Photorefractive keratectomy is a laser surgery used to reshape the surface of the cornea to improve mild to moderate myopia. In PRK, about 5 to 10 percent of the thickness of the cornea, which is equivalent to the thickness of one to two strands of hair, is removed. The procedure is quite effective, giving between 80 and 90 percent of patient’s 20/20 vision without glasses after the one-year recovery point. As many as 98 percent have 20/40 vision.
What to Expect
The PRK procedure begins with anesthetic drops applied to the patient’s eye. This prevents any discomfort during surgery. Then, the doctor will use a device to open the eyelid. Once the eye is ready, the eye surgeon will remove the surface corneal cells, and then use the laser to reshape the cornea. The procedure is programmed via computer to account for the patient’s unique physiology. Once the procedure is over, the patient will be fitted with a contact lens to allow the area to heal.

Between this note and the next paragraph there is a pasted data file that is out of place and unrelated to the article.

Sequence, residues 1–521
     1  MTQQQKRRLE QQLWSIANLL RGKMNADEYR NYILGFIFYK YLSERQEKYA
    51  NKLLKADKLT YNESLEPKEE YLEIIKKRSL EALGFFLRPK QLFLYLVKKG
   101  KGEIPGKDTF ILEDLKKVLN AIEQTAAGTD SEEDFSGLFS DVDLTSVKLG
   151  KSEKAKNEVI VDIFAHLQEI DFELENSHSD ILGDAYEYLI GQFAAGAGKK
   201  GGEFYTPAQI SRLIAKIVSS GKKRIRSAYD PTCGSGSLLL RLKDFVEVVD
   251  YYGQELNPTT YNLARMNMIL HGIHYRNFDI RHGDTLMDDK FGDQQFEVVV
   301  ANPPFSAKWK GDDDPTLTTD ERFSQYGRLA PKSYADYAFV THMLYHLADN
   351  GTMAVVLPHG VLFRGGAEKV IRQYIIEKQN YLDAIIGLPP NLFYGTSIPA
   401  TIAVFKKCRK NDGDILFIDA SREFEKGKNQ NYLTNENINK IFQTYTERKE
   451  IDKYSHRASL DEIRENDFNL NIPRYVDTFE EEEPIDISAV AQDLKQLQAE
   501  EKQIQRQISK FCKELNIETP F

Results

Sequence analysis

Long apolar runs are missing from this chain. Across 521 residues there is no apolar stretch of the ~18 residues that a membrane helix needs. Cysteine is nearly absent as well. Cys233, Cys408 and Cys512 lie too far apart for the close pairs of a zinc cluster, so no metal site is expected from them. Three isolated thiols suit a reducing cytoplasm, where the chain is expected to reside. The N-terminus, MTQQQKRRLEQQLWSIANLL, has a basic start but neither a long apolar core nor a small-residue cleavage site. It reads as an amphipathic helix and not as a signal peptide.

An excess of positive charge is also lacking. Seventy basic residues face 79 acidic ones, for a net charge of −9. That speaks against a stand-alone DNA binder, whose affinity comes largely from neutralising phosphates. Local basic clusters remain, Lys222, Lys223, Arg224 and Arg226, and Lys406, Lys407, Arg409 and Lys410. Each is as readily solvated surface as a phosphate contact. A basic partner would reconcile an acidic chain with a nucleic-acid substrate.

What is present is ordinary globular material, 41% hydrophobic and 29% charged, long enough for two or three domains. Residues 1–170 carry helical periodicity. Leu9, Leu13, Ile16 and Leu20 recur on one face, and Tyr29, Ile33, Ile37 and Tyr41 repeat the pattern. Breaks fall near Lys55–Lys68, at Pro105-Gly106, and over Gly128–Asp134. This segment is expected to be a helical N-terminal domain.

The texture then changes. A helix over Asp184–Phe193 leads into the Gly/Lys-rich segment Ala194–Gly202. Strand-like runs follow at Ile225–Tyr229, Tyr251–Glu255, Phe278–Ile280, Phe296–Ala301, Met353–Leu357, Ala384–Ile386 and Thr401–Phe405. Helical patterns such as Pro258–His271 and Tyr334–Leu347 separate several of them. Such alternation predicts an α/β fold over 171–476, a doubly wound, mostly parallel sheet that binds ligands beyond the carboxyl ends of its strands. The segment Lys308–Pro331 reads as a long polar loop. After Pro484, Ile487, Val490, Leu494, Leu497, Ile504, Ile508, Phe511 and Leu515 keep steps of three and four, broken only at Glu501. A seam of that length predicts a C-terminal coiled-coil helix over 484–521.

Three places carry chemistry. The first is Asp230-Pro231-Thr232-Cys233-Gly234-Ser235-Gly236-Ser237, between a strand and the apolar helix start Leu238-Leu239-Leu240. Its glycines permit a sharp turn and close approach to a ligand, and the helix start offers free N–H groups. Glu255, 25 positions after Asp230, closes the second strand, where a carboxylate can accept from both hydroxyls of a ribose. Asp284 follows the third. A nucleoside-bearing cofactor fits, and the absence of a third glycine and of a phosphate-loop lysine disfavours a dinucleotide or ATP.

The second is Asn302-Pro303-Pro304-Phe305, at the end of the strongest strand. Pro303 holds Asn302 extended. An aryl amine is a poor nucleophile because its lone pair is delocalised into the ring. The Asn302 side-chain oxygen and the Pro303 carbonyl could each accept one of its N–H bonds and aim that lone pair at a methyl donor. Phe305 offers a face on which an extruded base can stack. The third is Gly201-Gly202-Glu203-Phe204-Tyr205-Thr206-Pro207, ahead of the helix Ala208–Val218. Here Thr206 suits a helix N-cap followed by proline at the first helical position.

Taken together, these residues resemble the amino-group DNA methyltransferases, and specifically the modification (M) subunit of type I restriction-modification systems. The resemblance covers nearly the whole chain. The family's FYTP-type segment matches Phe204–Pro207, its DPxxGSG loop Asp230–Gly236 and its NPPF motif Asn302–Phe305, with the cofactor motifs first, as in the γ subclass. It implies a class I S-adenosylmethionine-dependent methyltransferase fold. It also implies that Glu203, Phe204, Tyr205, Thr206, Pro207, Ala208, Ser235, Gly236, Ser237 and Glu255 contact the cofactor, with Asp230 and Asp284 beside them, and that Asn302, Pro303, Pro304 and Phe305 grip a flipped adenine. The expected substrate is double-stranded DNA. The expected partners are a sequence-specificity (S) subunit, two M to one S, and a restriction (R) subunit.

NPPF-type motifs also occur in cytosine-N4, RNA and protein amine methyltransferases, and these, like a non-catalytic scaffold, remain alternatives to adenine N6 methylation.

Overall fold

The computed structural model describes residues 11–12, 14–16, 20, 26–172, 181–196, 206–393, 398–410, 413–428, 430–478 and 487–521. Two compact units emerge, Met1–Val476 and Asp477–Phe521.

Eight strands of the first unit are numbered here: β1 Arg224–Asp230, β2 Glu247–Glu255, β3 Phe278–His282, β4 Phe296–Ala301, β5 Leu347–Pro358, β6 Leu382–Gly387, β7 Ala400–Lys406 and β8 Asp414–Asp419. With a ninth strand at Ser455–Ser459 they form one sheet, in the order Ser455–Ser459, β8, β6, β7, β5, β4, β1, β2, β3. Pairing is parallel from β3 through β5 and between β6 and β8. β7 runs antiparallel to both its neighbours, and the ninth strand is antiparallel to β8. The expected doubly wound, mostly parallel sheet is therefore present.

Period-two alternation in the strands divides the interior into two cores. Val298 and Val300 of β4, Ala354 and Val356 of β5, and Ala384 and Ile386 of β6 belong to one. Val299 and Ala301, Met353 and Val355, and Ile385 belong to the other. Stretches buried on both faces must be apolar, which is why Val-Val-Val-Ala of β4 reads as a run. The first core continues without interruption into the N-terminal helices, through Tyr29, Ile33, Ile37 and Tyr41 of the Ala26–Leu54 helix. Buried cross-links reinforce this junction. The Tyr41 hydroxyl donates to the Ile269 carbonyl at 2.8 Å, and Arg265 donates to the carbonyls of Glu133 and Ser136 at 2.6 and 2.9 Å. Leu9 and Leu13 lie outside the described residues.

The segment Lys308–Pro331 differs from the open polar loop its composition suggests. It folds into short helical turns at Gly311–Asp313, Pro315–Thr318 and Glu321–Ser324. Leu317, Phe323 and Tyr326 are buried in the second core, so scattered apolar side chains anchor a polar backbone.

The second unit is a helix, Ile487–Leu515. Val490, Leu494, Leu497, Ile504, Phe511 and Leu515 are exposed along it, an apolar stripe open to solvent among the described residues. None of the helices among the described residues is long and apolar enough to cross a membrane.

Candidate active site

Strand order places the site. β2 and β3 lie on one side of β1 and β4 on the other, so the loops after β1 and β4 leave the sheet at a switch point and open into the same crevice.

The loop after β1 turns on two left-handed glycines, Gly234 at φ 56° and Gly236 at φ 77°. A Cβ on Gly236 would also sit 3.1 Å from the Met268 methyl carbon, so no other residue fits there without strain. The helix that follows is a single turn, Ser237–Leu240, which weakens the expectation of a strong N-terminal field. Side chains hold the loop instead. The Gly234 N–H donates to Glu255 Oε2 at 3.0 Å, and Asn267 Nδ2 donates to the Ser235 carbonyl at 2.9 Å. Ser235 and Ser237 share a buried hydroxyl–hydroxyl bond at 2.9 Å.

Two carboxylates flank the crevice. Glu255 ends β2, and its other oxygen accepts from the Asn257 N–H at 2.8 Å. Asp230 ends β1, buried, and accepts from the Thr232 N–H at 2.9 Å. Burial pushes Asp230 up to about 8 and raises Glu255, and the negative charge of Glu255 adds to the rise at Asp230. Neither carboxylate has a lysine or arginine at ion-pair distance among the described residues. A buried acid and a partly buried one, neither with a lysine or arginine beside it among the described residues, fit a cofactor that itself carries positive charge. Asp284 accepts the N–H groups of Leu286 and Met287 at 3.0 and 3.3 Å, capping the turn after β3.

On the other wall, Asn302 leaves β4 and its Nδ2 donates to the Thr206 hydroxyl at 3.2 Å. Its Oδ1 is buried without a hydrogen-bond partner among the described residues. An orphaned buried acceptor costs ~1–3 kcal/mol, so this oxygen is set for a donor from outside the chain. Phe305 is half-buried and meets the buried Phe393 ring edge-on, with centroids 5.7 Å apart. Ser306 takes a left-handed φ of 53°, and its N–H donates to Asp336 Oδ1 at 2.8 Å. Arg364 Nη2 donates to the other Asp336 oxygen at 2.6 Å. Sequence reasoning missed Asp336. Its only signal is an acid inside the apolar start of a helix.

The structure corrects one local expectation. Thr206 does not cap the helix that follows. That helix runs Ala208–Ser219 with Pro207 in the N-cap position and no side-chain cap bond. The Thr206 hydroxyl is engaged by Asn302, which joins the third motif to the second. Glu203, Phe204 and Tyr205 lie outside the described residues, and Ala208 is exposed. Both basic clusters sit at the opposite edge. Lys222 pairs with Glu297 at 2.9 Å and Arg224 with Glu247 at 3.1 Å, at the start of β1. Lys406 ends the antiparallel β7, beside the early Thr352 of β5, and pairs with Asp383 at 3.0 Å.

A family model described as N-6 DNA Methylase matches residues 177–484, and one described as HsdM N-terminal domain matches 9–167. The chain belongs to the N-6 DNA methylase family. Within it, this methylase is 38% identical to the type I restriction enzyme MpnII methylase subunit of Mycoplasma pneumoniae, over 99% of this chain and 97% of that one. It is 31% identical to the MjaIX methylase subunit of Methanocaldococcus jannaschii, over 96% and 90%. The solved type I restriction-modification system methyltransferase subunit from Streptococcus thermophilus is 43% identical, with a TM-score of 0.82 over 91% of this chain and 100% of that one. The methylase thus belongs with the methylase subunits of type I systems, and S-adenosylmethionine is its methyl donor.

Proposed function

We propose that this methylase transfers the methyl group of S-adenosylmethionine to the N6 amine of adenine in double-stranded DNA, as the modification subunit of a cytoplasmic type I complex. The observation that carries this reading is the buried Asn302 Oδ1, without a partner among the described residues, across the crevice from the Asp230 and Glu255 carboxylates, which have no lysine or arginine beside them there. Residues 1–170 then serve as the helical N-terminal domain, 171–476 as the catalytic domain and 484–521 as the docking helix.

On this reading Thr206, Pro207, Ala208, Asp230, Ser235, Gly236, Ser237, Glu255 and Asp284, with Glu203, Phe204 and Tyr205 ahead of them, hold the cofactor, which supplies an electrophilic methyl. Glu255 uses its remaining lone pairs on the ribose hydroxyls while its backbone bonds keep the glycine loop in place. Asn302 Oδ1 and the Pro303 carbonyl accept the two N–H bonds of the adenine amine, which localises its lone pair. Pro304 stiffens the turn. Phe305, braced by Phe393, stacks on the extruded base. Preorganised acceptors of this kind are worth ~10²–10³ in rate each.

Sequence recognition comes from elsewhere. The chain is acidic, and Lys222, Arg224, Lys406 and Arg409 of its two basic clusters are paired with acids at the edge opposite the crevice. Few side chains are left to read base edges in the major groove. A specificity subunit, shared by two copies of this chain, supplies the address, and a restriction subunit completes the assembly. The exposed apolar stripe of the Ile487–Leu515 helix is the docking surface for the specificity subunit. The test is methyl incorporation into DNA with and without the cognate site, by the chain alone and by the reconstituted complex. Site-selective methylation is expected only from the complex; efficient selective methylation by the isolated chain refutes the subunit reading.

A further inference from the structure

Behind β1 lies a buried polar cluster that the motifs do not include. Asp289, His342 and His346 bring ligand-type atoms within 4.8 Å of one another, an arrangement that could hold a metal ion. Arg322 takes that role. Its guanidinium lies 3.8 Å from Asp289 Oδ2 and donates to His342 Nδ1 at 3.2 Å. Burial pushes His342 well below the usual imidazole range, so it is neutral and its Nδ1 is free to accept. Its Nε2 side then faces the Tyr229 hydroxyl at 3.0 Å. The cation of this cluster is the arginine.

After PRK surgery, the patient will wear the contact lens for three to five days to allow the surface epithelium to heal. Within a week or two, the patient’s eyes should be healed enough to drive a car safely. Best corrected vision, however, will take longer. Most patients will experience their best corrected vision by at least the three-month post-surgery mark.
PRK offers similar results as other laser eye corrective surgeries, but it has some distinct benefits. First, it does not require a corneal flap, so it allows the surgeon to use the entire thickness of the underlying stroma to treat the vision problem. For those who have had prior laser surgery or whose corneas are too thin for other surgical treatments may be able to undergo PRK surgery as a result, because only a small amount of the cornea has to be removed.
If you are curious about PRK surgery, talk to your eye doctor about the possibilities. For many patients, PRK surgery provides a viable option when other surgeries are not a possibility.